Scraping Data and Making “Big” Inferences
Arnold F. Shober
Abstract: “Big Data” does little to explain the human condition, but it offers unprecedented opportunities to model how people choose. Professor Shober will describe how Google and Amazon know what you want with uncanny accuracy, and how in his research program he uses similar tools to examine how journalists cover politicians. He will also discuss some of the practical and statistical difficulties when analyzing billions of data points.
The talk is March 6 at 11:10 a.m. in Steitz Hall 102.
UPDATE: A very good talk. Unfortunately, we did not get video for his one.
Government department Professor Arnold Shober is in the news, handicapping the fall elections for the Appleton Post-Crescent. Here’s a portion of the transcript in response to a question on whether Wisconsin Democrats are going to be taken to the woodshed this November:
The answer to that question is really how well Russ Feingold does. He’s the top race in the state. We think about governor, but Feingold gets a lot more attention. If he has trouble — and a series of recent polls suggest that he really does — then it will very bad. If he can’t carry reliable Democrats into the polling booth, nobody can.
Polling out last week suggested that, in northeast Wisconsin, Ron Johnson is up 60-40. That means Steve Kagen (in the 8th Congressional District) is certainly out. Penny Bernard Schaber (in the 57th Assembly District) is most certainly out. Tom Nelson’s seat (in the 5th Assembly District) will probably flip, and on and on and on, because that’s a big margin.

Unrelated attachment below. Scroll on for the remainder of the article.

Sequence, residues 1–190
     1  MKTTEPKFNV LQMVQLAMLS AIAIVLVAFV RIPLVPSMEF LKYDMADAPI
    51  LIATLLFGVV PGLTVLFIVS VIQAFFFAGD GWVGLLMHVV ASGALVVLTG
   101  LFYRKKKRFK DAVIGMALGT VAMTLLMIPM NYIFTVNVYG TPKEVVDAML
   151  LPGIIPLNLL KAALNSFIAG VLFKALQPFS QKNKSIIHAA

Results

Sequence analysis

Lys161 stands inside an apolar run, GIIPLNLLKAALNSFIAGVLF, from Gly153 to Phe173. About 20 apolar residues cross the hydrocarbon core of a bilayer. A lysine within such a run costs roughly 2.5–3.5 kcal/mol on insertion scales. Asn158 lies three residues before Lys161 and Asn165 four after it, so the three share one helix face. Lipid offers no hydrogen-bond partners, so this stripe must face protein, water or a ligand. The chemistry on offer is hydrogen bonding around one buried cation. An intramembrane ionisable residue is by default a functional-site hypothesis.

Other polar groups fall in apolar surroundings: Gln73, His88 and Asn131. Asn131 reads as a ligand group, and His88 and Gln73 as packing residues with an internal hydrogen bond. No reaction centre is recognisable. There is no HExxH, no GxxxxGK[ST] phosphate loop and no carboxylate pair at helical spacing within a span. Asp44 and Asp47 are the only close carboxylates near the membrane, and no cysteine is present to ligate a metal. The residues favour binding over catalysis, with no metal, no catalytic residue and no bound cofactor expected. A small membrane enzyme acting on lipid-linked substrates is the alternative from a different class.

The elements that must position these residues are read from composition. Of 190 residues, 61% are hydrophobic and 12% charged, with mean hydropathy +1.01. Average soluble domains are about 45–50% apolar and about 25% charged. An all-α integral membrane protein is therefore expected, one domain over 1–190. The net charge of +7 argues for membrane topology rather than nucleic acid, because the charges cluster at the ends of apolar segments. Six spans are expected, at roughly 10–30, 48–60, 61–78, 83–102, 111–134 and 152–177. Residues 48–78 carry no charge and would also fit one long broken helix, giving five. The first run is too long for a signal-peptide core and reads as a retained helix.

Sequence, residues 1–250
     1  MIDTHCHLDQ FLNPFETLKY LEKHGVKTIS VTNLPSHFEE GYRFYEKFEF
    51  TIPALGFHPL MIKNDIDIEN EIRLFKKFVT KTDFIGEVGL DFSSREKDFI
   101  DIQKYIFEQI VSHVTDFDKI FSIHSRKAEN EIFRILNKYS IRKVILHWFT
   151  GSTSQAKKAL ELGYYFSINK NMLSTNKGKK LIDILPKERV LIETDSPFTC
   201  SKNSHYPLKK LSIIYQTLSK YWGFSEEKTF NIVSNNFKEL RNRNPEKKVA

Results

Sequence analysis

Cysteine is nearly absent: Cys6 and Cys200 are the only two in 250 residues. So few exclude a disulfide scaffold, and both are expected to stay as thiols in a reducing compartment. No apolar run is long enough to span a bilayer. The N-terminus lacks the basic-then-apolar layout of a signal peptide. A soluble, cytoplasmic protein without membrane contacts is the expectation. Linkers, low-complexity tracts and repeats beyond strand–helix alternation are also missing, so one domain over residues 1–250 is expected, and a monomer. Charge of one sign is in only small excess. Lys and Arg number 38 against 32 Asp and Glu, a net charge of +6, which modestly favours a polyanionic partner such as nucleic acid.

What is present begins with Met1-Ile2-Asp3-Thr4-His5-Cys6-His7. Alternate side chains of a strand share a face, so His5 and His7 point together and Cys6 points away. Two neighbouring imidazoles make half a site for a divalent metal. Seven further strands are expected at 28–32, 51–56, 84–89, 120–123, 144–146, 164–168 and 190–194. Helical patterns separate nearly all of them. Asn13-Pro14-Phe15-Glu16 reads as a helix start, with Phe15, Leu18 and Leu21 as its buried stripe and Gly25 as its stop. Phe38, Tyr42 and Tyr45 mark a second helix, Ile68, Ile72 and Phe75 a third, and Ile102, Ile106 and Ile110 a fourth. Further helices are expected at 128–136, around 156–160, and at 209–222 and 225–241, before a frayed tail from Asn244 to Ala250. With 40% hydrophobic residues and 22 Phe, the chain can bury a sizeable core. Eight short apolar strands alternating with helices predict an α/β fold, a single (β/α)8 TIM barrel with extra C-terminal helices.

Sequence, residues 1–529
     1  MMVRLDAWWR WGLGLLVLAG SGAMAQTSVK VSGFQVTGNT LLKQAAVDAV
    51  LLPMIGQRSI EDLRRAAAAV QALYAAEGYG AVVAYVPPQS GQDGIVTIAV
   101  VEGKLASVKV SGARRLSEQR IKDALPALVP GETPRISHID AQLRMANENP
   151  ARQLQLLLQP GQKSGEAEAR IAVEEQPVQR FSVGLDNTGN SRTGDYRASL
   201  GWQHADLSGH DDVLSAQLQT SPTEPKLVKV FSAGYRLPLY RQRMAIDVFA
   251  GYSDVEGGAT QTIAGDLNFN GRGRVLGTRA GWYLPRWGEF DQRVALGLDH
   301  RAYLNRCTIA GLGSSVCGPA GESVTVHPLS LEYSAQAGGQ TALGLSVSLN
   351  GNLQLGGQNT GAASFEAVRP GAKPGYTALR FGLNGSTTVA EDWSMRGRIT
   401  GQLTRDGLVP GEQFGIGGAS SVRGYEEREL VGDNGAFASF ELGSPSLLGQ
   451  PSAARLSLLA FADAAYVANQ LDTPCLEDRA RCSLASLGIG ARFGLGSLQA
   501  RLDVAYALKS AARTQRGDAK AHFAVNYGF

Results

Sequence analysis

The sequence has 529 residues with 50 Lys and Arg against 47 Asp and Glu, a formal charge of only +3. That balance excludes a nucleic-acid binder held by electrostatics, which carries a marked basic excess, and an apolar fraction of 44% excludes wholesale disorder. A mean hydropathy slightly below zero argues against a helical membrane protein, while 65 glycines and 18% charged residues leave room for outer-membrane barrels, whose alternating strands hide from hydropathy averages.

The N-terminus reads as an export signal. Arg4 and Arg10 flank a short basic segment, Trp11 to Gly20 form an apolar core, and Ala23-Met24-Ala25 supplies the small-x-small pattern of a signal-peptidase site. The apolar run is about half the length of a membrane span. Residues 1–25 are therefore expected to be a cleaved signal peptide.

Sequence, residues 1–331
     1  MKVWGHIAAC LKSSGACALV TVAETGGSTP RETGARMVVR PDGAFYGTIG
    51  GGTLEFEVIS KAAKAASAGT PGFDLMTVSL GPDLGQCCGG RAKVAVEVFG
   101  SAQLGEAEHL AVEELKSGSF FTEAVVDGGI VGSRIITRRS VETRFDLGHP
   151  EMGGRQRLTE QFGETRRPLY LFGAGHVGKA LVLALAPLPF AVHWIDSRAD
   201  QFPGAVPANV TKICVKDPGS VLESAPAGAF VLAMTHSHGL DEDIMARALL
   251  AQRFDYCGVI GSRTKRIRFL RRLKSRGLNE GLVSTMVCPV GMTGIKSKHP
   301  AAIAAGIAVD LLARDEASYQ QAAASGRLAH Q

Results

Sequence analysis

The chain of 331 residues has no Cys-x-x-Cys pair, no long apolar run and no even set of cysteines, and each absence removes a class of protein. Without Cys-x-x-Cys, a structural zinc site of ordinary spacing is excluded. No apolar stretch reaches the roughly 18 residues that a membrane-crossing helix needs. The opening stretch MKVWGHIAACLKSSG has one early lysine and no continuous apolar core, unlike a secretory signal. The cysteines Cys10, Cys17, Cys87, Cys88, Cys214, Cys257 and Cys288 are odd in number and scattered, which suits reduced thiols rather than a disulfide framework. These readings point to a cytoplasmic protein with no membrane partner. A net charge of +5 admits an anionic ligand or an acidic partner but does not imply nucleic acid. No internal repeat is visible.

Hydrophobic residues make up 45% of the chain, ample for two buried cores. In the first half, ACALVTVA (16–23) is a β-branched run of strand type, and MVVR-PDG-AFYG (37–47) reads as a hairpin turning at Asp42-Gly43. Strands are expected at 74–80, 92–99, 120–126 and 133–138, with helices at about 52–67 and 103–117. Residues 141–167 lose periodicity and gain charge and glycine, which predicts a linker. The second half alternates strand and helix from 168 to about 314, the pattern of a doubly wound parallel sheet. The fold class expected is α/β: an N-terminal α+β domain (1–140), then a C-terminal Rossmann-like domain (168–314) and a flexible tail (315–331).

Certainly, everyone voting for Russ Feingold is going to be voting for a Democrat. He’s a maverick, but he’s definitely on the left. So if he does poorly, Democrats across Wisconsin are going to be in big trouble. If he can hold it even, it may not be so bad.
Emphasis is mine (Prof. Shober typically doesn’t speak in bold font), and included so I could use the pun in the title.
You can see the latest polling results outside of Professor Shober’s door right here on Briggs 2nd.
This looks interesting. The best way to foment effective policy outcomes is to allow administrative agencies to do their thing unfettered. How do they solve the agency problem? I guess we’ll have to read the book and find out.
Splintered Accountability: State Governance and Education Reform
Arnold F. Shober
The No Child Left Behind Act declared that improving education in every school in the United States was a top national priority. However, this act did not acknowledge how state departments of education have successfully constructed reforms for the past few decades, despite the power struggle between governors, legislators, school districts, and state boards of education. Drawing upon archival sources, state budget documents, interviews, and statistical analysis, Splintered Accountability amply demonstrates that sustained education reform is best left in the hands of the relatively autonomous state departments of education in order to maintain curriculum standards, school finance, and teacher licensure systems. Comprehensive and successful education reform originates from within state education agencies, propelled by savvy state superintendents.